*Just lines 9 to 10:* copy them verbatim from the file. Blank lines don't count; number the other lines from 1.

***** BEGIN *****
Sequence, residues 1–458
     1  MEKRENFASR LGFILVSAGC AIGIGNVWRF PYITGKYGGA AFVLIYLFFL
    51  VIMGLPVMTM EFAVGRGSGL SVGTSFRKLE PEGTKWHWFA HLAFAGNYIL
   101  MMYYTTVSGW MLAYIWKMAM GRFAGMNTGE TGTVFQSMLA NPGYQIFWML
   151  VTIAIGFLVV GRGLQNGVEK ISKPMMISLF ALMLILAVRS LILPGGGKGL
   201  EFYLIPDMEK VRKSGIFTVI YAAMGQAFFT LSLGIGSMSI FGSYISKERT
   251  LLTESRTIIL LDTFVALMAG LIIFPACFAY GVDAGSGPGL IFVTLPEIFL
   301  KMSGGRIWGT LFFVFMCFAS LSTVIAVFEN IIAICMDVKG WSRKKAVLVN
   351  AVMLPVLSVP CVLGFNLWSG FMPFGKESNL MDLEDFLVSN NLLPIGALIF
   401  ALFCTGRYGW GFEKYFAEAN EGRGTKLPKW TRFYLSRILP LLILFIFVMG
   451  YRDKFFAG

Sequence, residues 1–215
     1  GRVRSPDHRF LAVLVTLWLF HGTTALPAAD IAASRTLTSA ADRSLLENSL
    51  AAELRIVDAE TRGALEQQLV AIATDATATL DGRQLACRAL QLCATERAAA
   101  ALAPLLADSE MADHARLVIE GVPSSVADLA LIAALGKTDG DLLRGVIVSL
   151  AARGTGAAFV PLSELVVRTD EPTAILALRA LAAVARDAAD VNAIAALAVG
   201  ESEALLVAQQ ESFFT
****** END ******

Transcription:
   351  AVMLPVLSVP CVLGFNLWSG FMPFGKESNL MDLEDFLVSN NLLPIGALIF
   401  ALFCTGRYGW GFEKYFAEAN EGRGTKLPKW TRFYLSRILP LLILFIFVMG